In our last post, I talked about how a strong learning goal could make a class much more powerful. As with any piece of writing, that post went through some rounds of revision, with the first round calling for a pretty substantial alteration. In that initial draft, most of the content was similar, but it used the terminology of “learning objectives.” Now it discusses “learning goals.” This was actually a big blunder on my part. But why do I now consider it a blunder, and what’s the difference?
The Big Blunder Revealed
To use a basic and relatively universal example, “learn to read” might be a good learning goal. Most or all educators would agree that student literacy is a good idea, but what exactly does “learn to read” look like in the class room?
Here’s where learning objectives come in. Unlike the broad goals, objectives are more specific and measurable. Running with our “learn to read” goal, a learning objective might include “read Dr. Seuss’s One Fish, Two Fish, Red Fish, Blue Fish aloud without missing any words.” See the distinction?
If you were to ask whether a student met the learning goal, the answer could easily be an iffy “um… sort of.”
If you were to ask whether a student met the learning objective, the answer could be a confident “yes” or “no,” and if “no” you can quantify by how much they missed it.
Unlike the broad goals, objectives are more specific and measurable.
So which should a teacher focus on – establishing learning goals or establishing learning objectives? Both are important. The learning goal fits with a larger curriculum or teaching philosophy. It takes a big-picture approach to what you want your students to learn. The main purpose of the learning objectives is to measure whether or not students are meeting the learning goal; they must be established with the learning goal in mind, and one or more learning objectives should be established to measure every learning goal.
Come Along For The Ride
Now, let’s get a little meta here. This is a teaching blog, and I’m using it to teach. If I practice what I preach, shouldn’t I have learning goals and objectives here? I should and I do. The goal of this blog is to share data about pedagogy so that as I become a better teacher, you might come along for the ride and enhance your teaching too. That’s an awfully broad and vague goal, so a learning objective I’m hoping to check off in support of that goal with this particular post is to have you, the readers, make an explicit effort to establish learning goals and learning objectives for your classes.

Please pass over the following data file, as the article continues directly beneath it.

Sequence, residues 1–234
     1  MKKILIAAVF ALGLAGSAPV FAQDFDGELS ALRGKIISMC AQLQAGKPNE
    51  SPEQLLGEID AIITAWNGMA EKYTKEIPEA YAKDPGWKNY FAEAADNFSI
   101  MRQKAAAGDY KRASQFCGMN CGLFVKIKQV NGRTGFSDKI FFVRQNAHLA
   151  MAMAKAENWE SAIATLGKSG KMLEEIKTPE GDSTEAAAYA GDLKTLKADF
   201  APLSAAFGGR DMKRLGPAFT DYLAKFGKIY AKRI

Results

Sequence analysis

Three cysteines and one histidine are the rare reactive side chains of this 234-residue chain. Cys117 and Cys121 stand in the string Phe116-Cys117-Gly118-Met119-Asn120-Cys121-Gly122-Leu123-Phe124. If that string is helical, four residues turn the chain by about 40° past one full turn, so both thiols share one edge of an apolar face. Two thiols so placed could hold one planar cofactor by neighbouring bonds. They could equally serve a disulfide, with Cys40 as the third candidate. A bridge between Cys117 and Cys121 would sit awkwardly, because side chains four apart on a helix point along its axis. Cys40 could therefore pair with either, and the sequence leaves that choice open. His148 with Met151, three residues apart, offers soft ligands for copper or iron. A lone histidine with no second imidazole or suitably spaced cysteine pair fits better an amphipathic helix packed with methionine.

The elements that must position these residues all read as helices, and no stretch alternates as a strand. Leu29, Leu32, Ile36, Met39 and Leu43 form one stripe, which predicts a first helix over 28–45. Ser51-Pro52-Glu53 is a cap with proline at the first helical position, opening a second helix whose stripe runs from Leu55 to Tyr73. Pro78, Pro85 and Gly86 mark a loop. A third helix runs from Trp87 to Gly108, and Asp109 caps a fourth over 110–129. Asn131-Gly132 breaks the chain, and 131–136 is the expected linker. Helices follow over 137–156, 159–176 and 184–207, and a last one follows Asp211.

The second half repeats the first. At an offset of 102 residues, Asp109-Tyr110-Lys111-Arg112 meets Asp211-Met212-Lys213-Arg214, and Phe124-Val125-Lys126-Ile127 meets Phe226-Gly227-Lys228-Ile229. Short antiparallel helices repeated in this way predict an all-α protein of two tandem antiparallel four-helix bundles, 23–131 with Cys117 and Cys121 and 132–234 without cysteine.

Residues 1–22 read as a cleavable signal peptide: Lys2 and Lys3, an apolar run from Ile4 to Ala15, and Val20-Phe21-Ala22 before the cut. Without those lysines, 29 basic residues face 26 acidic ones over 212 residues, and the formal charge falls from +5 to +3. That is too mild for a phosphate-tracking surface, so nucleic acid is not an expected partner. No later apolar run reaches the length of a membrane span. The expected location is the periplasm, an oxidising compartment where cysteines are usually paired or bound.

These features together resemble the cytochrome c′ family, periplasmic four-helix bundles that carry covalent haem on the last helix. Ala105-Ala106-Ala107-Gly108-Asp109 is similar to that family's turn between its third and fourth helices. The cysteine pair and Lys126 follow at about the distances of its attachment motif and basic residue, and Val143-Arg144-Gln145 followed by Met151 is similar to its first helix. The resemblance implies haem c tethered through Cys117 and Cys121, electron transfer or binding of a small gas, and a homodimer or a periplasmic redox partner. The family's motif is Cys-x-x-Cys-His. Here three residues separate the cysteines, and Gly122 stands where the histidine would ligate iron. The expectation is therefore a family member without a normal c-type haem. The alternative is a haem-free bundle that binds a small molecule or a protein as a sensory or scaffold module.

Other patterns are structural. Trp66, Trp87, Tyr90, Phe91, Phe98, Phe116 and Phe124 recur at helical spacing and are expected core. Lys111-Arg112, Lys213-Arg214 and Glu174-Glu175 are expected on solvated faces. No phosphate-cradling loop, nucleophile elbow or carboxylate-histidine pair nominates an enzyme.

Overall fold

…the outcome is reflecting back on the class and assessing what the student(s) actually accomplished.
I haven’t really mentioned them until now, but learning outcomes bear mentioning as well. These are usually extremely tightly related to your learning objectives, but are the actual products of the class. Let’s back up to our One Fish, Two Fish example. We’ve already specified the goal and an objective. A logical learning outcome would be the student smoothly reading One Fish, Two Fish aloud from beginning to end. You might think that outcome sounds like the objective, but there is a key distinction. The learning objective is identified prior to the class looking forward as an intention of what will be learned, whereas the outcome is reflecting back on the class and assessing what the student(s) actually accomplished. To measure those learning outcomes, you will have various forms of assessments as well, which we will be addressing in a future post.
Jamie Kopco is finishing up his Ph.D. in Entomology. Among other pedagogical tasks, he is teaching an undergrad/grad class, doing science outreach, and generally trying to foster a sense of curiosity and discovery.
Submit a pedagogical question or comment to the Office of Teaching and Learning (firstname.lastname@example.org) for answers in an upcoming blog post.